The lawsuit alleges the officer and the second driver acted negligently.
Spitzer, who had no specific knowledge of the Puyallup suit, said it’s not unusual to sue a city, a county or a state when there’s a traffic accident; those are the governments responsible for managing the roads. But many states, including Washington, he said, have a major exception to the potential liability of those governments in such situations, known as the public duty doctrine.
It states that governments owe a duty to everyone in a community, not to an individual.
The doctrine isn’t written into state statute, but rather has been developed by precedent through the years as the state’s judges ruled on cases dealing with government liability.
Using a general example, Spitzer said, “When the police officer is directing traffic, she and the city owe the duty to everyone who is driving around, but to no specific person. ... She’s just doing her thing, being a police officer.”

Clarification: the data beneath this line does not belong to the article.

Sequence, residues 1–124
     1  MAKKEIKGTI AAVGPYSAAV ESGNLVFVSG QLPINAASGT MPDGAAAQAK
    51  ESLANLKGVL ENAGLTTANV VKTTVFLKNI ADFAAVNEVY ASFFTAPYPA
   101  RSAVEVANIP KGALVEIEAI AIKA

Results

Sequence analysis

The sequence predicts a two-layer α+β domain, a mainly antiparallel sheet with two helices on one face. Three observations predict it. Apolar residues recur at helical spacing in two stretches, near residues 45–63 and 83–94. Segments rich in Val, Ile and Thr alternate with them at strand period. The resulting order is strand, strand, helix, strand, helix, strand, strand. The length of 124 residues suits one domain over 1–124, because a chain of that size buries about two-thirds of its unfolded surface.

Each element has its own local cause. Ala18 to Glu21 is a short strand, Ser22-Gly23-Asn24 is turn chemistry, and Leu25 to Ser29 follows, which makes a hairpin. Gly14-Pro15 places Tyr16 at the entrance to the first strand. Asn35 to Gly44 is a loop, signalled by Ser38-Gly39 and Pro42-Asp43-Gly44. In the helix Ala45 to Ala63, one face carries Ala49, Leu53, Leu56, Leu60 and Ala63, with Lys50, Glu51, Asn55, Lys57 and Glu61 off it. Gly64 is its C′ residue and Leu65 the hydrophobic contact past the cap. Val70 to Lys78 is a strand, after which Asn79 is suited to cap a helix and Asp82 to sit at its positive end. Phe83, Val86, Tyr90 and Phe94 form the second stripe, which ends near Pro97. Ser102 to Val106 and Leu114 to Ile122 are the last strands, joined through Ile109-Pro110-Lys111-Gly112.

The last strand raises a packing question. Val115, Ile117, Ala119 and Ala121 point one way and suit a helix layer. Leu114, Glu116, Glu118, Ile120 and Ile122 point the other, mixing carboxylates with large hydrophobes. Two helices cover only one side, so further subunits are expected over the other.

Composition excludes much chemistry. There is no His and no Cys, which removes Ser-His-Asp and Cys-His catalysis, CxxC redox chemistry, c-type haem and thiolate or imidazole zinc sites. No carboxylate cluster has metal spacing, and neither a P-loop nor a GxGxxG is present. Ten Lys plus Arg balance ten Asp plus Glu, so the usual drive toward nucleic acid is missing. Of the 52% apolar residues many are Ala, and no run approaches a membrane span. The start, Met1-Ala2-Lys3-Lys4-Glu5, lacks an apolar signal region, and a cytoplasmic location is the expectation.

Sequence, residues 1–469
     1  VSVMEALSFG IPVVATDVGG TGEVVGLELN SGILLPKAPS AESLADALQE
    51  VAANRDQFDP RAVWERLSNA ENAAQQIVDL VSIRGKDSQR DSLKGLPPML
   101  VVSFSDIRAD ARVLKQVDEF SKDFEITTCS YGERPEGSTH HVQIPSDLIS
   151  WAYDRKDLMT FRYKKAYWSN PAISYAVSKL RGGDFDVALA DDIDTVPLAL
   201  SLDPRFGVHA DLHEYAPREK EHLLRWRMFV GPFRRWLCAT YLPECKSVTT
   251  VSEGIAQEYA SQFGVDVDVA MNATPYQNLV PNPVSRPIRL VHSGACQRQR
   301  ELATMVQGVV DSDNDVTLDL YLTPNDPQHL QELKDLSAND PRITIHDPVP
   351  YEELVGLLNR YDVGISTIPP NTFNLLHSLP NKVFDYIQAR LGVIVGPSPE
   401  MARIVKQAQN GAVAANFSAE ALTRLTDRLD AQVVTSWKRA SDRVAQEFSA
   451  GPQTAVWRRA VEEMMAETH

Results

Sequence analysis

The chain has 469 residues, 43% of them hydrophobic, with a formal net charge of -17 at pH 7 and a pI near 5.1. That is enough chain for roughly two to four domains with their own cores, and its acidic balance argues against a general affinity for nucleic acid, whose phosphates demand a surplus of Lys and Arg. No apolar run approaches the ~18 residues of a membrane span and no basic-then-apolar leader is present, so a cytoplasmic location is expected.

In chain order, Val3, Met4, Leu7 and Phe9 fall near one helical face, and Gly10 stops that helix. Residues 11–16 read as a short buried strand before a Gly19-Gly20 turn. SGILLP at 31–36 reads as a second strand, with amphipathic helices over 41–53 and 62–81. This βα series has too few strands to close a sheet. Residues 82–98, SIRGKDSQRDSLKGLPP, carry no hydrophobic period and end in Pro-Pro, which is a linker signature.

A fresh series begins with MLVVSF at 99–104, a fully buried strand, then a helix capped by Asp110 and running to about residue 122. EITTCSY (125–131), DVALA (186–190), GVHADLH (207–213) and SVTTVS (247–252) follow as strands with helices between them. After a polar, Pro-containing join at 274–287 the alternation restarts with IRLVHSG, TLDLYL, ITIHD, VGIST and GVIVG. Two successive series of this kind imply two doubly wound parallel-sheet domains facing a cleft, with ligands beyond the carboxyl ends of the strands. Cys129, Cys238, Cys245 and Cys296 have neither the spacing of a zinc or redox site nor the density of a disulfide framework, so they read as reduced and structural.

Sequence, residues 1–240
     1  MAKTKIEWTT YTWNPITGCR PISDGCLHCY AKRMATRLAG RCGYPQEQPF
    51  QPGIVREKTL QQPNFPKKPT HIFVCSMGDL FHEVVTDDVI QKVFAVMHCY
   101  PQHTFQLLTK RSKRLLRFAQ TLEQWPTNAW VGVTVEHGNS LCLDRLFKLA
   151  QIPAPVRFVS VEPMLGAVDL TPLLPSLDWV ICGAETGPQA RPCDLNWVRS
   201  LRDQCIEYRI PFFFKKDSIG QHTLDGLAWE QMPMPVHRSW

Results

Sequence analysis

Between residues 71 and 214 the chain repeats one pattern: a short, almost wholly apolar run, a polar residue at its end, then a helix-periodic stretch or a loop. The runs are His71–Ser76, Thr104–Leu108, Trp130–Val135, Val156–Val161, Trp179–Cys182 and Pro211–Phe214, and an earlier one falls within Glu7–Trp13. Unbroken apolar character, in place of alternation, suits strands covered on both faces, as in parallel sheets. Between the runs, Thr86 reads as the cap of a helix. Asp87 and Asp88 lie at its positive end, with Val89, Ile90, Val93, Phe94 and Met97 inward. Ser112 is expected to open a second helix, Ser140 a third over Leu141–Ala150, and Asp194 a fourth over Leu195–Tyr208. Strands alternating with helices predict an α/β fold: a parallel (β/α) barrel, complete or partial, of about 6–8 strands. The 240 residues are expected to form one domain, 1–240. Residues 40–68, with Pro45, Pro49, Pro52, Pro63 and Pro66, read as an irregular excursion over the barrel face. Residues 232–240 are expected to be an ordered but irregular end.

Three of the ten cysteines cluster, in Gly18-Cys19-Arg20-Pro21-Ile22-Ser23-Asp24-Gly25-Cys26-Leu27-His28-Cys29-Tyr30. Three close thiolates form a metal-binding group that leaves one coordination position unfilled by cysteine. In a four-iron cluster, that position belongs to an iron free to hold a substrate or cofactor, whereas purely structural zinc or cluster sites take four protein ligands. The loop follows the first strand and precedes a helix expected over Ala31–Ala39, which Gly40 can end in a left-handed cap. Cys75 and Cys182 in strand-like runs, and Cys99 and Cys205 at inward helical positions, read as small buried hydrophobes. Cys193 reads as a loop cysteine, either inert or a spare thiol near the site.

In such situations, he said, a city generally can be held liable only if it created a special circumstance, such as an officer telling a driver it was safe to park in a specific area, and the vehicle then was hit.
“The sadder the story, the more pressure there is on a court to try to find some way to help these people out,” he said. “But on the other hand, (the public duty doctrine) is a fairly strong protection.”
He also used the example of 911 operators, who take a caller’s information but generally don’t give specifics, such as when an officer will arrive.
“If they say to you, ‘There will be an officer there within one minute,’ they’ve created a special duty to you,” Spitzer said.
Then if an officer doesn’t show up in that time, a city could be liable, he said.
The attorney representing the family in the Puyallup lawsuit, Karen Koehler, said the public duty doctrine does not apply in the case.
“This is a gentleman that’s engaged in negligence in the performance of a duty, he’s not a high-functioning, policy-making official,” she said of the officer involved. “... It’s hard to argue that the decisions made by employees of a government should be protected, and especially the lower the level goes for an employee.”